<img height="1" width="1" style="display:none" src="https://www.facebook.com/tr?id=1721686861413852&amp;ev=PageView&amp;noscript=1">

Improving Communication with Non-Native English Coworkers & Employees

Posted by CLIMB Professional Development and Training on June 30, 2022


If you've ever left the Portland area to live where English wasn't the main spoken language—or even lived in a neighborhood of Portland where English was less common—you know the challenge non-native English speakers face daily. Even people with impeccable language skills must process many cultural, contextual, and idiomatic elements of the workplace while also doing whatever work you hired them to do.

The United States gains a lot of strength from being a place where people from anywhere can find their place and succeed. If your workplace has hired non-native English speakers, you must make an effort to promote strong communication between colleagues of different backgrounds. You may also need to account for more considerable language barriers, such as when coworkers or employees do their work well but with intermediate English language proficiency, resulting in misunderstandings.

By improving office communication and helping everyone get on the same page, you can make your workplace a safe and prosperous environment for native and non-native English speakers.

>>> Learn more about Professional Development Courses

Management Sets the Tone for Respect and Communication

When the people in a community speak English with different dialects, accents, or proficiency levels, management must shape the attitudes of communication. A manager who pretends not to understand anything that a team member with an accent says creates a hostile culture. That alienates workers who cannot instantly adjust to an accented form of English. Whereas a manager who clearly sets out that everyone's jobs include working to avoid misunderstandings while being respectful will positively impact the environment. Furthermore, feeling respected and valued helps team members speak up more often. And speaking up is how most of us improve our language skills! 

Permitting hazing, jokes, or rudeness around language skills in the workplace, even if only turning a blind eye, quickly creates a toxic environment for employees from different language backgrounds. You will likely lose strong talent, and others may fear encountering discriminatory language along other identity lines. When management quickly addresses misbehavior regarding language differences, they take a firm stance not to disrespect anyone in the workplace. It's a chance to uplift your whole community as an employer.

Conscious Communication Overcomes Language Barriers

 Everyone in a workplace can be more conscious with their communication and gain a broader, more substantial audience of those who understand. For instance, you might change your speaking style during presentations to accommodate English language learners in your workplace. You might also benefit your clients in the room who happen to be English language learners. Some strategies for being a more conscious communicator in varied language contexts include:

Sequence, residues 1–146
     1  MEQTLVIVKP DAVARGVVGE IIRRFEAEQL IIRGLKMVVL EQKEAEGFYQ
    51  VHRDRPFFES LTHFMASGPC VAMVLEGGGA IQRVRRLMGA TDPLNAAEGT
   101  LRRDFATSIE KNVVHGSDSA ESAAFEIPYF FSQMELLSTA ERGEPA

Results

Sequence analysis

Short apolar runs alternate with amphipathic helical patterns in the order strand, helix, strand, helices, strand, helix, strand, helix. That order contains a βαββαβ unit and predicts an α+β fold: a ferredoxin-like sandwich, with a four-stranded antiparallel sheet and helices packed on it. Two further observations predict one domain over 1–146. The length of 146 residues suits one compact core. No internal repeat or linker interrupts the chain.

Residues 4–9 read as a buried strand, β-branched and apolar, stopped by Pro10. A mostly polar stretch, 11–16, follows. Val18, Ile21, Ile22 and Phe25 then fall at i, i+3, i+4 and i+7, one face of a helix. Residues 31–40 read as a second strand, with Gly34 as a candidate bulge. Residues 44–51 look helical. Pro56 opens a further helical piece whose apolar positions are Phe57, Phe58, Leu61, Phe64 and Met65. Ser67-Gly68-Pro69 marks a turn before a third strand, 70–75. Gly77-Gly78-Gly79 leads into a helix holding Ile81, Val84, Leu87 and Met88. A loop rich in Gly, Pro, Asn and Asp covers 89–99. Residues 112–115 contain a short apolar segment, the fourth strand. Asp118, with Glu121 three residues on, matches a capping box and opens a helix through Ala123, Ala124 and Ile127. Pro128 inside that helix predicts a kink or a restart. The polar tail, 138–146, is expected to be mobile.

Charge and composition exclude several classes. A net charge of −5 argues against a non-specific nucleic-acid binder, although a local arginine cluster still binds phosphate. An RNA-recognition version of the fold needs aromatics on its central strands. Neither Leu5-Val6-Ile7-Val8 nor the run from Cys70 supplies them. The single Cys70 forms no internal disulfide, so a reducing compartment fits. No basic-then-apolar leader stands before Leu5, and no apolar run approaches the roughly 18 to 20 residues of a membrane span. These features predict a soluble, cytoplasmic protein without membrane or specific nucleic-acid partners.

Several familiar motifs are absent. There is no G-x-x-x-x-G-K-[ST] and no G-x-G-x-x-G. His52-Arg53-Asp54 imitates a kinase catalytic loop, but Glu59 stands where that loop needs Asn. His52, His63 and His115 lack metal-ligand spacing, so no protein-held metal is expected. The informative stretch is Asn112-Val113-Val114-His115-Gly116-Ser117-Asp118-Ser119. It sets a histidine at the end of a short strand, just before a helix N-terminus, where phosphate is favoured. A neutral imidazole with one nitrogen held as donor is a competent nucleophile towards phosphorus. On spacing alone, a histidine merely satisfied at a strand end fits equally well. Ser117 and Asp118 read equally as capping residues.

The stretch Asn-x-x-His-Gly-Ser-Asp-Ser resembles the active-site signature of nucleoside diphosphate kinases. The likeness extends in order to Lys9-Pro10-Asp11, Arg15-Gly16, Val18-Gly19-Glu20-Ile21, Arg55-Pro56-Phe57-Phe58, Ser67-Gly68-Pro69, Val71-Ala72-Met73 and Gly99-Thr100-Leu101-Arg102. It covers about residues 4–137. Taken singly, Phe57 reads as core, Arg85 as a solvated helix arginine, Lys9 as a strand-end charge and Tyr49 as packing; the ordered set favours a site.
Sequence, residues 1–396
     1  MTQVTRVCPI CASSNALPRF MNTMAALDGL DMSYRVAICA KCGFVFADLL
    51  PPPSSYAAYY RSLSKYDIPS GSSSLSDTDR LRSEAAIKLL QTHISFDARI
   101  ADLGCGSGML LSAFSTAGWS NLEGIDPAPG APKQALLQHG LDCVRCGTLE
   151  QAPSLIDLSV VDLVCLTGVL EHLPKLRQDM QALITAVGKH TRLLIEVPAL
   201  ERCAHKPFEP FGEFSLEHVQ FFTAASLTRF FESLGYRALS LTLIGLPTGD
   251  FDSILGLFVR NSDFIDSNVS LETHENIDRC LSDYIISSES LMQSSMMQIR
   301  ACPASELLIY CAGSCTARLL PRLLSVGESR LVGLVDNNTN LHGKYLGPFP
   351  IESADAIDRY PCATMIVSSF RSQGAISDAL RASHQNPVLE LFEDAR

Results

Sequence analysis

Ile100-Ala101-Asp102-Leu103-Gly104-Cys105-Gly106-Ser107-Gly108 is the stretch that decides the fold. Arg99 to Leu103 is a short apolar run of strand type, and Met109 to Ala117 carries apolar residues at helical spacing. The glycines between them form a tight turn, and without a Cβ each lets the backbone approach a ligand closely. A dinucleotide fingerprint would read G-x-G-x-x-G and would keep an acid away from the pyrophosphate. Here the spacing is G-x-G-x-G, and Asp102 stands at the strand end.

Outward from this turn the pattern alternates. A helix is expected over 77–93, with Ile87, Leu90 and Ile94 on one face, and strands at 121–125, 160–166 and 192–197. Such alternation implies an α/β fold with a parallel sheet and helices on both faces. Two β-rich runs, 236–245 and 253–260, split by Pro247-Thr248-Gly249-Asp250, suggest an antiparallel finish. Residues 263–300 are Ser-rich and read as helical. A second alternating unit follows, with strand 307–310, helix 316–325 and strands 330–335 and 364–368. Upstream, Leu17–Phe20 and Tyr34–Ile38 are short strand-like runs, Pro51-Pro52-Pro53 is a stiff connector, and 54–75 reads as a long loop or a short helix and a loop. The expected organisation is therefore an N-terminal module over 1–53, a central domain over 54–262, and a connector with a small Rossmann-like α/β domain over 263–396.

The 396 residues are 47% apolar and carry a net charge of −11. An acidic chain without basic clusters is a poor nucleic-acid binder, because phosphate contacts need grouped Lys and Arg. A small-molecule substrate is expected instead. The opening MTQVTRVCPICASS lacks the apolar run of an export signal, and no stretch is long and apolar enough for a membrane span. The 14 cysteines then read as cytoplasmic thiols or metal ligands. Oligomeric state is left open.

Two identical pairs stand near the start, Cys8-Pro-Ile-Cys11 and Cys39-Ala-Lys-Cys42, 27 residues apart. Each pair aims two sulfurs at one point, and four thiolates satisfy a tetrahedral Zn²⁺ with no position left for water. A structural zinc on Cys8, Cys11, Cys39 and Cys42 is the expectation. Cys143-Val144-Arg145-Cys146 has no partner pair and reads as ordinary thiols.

• Speaking slowly and clearly (without mumbling) can do a lot for people who speak multiple languages.
  • Using visual aids helps those who might not have heard you confirm they know what you're saying.
  • Never use a big, jargon-y word where a smaller, clearer word would do.
  • In workplace contexts, aim not to emphasize specific cultural or religious traditions, like Christmas, that may or may not apply to all members of your audience. Communicate about things that everyone can share. Many people have a winter or end-of-year celebrations rather than a Christmas party, making it inclusive to different cultural and religious backgrounds.
  • Simple modifications like asking questions or clarifying can help everyone, including English learners.

Courses in Diversity, Equity, and Inclusion Help You Design Great Policies

Portland Community College offers a variety of courses in intercultural communication and diversity education. These courses help more than only those in charge of DEI initiatives. Many managers, coworkers, and other team members can better grasp how to respect and assist diverse team members through these courses. While the topics covered are necessarily somewhat general, there are plenty of opportunities to apply the lessons to your context and work toward equitable, thoughtful, respectful communication with everyone at work.

As more and more jobs require complex and thoughtful problem-solving skills, your need for cultural understanding and the ability to communicate across differences will only increase. Let the affordable, flexible coursework at Portland Community College help you stay ahead of the curve! 

investing-in-yourself-pcc-climb Like what you've read? Subscribe to stay updated.

The PCC CLIMB Center provides a variety of professional development  training. Just some of our courses include leadership, sales, customer  experience, online sales and management, IT and software, and  communication. Our top priority is to help you and your team reach your  full potential. We offer open enrollment classes for individuals seeking  their own professional development and contract training for organizations.

Topics: Professional Development, Small Business, HR & Organizational Effectiveness, Communications

Subscribe to Email Updates

Recent Posts

Posts by Topic

see all